Graphene Research

Graphene Research

Graphene is a tightly packed layer of carbon atoms that are bonded together in a hexagonal honeycomb lattice. Only one atom thick (335 pm) but up to several micrometers in lateral extent, graphene shows many extraordinary material properties. As an electric conductor, it performs as well as copper. In terms of its ability to transport heat, it outperforms all other known materials. Optically it is highly transparent but completely impermeable to any other atoms. Harder than steel and also showing a high elasticity, graphene unites several astonishing material properties. This makes graphene one of the most scientifically investigated and promising materials for technical applications. Use ZEISS instruments for your investigations, whether you need the nano-patterning performance of an Ion Beam microscope, a high end light microscope with customized modules or the power of a field emission scanning electron microscope for sensitive samples.

Monolayer, Bilayer, Multilayer Graphene
After the preparation of graphene with either exfoliation or a chemical vapor process (CVD), the number and quality of the produced graphene layers need to be checked. Measure the number of layers with the contact free and substrate independent module for Total Interference Contrast with ZEISS Axio Imager 2 and detect holes in continuous layers. Profit from ZEISS GeminiSEM 500 when you need high resolution images of a number of graphene layers. Use its Energy selective Backscatter detector with its insensitivity to charging and acquire images of graphene at high resolution in a unique backscatter contrast. Determine the exact quantitative height with the in-situ AFM system.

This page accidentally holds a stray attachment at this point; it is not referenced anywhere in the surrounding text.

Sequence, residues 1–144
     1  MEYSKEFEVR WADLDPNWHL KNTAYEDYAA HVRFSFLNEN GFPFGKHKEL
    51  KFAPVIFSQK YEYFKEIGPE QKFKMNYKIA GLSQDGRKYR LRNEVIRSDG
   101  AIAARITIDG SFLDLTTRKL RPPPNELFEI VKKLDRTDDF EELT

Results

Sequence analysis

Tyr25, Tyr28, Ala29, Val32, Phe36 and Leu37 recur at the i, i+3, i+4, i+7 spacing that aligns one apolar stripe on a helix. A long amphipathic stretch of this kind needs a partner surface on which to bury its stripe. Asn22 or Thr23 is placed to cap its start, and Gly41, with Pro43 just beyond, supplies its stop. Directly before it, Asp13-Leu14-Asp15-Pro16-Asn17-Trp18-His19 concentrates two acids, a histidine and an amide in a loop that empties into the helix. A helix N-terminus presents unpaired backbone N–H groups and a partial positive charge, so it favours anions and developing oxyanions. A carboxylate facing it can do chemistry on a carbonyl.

Defects and Functional groups in Graphene
Before integration into a final device, defects in graphene are evaluated: carbon atoms can be sp3 -hybridized, functionalized, oxidized or missing. The chosen method here is Raman imaging, which, as a time consuming method, needs preselection of regions of interest. The in-situ Raman integrated into ZEISS GeminiSEM is the ideal tool for this purpose as the integration saves time in the workflow.

Integration in Electronic devices
Graphene has the potential to enhance the performance of electronic devices such as transistors and super capacitors. This is achieved by band gaps in graphene which are produced by creating thin ribbons. The narrower the bands, the higher the band gap.  The desired width of a graphene ribbon is less than 20 nm. The ZEISS Ion Microscope ORION NanoFab allows mask-less, contact-free, direct writing of patterns in graphene using a focused helium ion beam.

The outstanding resolution of the ion beam allows nano-structuring of graphene in the sub-10 nm range.

Integration in LEDs